Rookie quarterback Robert Griffin III’s comfort level in the Washington Redskins’ offense has gradually increased, and as it does, he moves closer toward filling the role of franchise savior.
But tight end Chris Cooley cautions that regardless of Griffin’s impressive athleticism, throwing ability and intelligence, the Redskins face slim chances for success if they’re expecting their prized signal caller to carry the team.
The ninth-year veteran doesn’t deny the fact that Griffin is a rare talent, but after three weeks of offseason practices, Cooley has concluded that the entire offense must assume responsibility for the unit’s success.
“The biggest thing as far as the line and skill positions is to be right,” Cooley said Thursday, shortly after Griffin and the offense wrapped up OTAs with an impressive practice session. “There are specific rules in our offense, and there are specific ways plays are run, and we’ve been unsuccessful over the last couple years because you can look back at plays and you can say, ‘This is great except for one or two guys.’ We can’t be wrong.”
A two-time Pro Bowl tight end, Cooley has seen just about everything in Washington. He has played with seven different starters during his career. The group ranges from young, inexperienced quarterbacks such as Patrick Ramsey and Jason Campbell, to established veterans such as Mark Brunell and Donovan McNabb. But during Cooley’s nine seasons, Washington has made the playoffs only twice (2005 and 2007).
None of those seven starting quarterbacks boasted the rare blend of athleticism and elite talent that Griffin possesses. But Cooley knows one player can only do so much.
“We’ve been part of it long enough that we have to be where we’re supposed to be,” Cooley said, referring to himself and his veteran offensive teammates. “We have to run the routes the way they’re coached. We have to block the protections the way they’re coached. We can’t ask [Griffin] to be running around, making all kinds of plays.”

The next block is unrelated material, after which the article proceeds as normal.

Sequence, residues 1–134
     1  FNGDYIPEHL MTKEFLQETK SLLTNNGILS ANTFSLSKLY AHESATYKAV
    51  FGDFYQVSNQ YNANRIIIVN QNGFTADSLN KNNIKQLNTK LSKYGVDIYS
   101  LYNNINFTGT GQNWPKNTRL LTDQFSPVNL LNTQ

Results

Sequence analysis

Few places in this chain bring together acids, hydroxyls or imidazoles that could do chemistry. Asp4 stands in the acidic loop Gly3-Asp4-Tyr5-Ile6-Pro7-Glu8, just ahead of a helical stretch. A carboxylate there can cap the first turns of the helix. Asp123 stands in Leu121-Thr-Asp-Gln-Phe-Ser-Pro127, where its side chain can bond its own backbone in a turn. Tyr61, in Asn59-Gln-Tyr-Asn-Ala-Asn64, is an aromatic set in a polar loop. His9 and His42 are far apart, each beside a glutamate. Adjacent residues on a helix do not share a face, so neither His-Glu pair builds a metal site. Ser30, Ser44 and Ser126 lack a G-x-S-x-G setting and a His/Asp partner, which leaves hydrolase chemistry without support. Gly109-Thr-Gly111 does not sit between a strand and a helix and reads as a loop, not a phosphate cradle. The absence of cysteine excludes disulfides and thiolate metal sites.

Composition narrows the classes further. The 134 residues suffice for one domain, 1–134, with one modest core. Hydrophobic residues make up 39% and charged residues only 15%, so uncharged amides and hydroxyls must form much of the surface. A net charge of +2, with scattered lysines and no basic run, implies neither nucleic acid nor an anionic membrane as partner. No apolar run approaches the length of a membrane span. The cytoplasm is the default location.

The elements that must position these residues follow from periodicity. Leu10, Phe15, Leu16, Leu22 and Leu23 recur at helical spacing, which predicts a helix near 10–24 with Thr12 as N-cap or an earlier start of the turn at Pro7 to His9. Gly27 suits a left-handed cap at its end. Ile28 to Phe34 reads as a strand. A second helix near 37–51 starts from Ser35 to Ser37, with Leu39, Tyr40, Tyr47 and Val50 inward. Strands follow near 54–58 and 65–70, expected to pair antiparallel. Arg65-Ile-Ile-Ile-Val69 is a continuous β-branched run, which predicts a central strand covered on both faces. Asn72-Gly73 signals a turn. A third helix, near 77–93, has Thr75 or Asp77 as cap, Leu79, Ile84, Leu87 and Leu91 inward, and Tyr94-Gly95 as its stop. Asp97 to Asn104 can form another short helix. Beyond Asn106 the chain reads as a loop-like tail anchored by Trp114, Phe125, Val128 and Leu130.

Griffin has worked to quickly earn the veteran players’ confidence and hopes to provide the boost that the long-suffering franchise desperately needs. He relishes the role, but also craves his teammates’ support, on and off the field from his teammates.
“I want them to believe in me so we can go out and win together,” Griffin said. “Because without them we can’t do it. I can’t snap the ball to myself, throw it and catch it. I need other people out there to help me.”
The Redskins addressed their need for additional playmakers, signing wide receivers Pierre Garcon and Josh Morgan, who paired with Cooley, fellow tight end Fred Davis, and holdover receivers Santana Moss, Anthony Armstrong and Leonard Hankerson, should give Griffin plenty of weapons.
There are questions about the offensive line, where left guard Kory Lichtensteiger is coming off of a torn ACL and MCL, and right tackle Jammal Brown is working his way back from a season-ending hip injury. The running back position also presents some uncertainty, with Tim Hightower coming off of a torn ACL.
Breakdowns along the line and in pass protection, and an inconsistent running game could hamper Washington’s offense. But coach Mike Shanahan has said one of the positives that Griffin offers is his ability to make an “off-schedule play,” (improvising on a busted play and turning nothing into something). That could help mask some problems on offense. But not entirely, says Cooley, who believes improvisation isn’t always the best thing.
“I think yes and no,” he said. “Yes, the idea of an off-schedule play is always a key in the NFL. But that’s something that frustrates a lot of coaches and will sometimes frustrate players. You’ll scheme this whole game and then all a sudden the quarterback or someone makes an off-schedule play that shouldn’t happen. Robert’s the kind of guy that can do those things. But for us to be a team that consistently wins, we have to have him doing the things we want him to do.”
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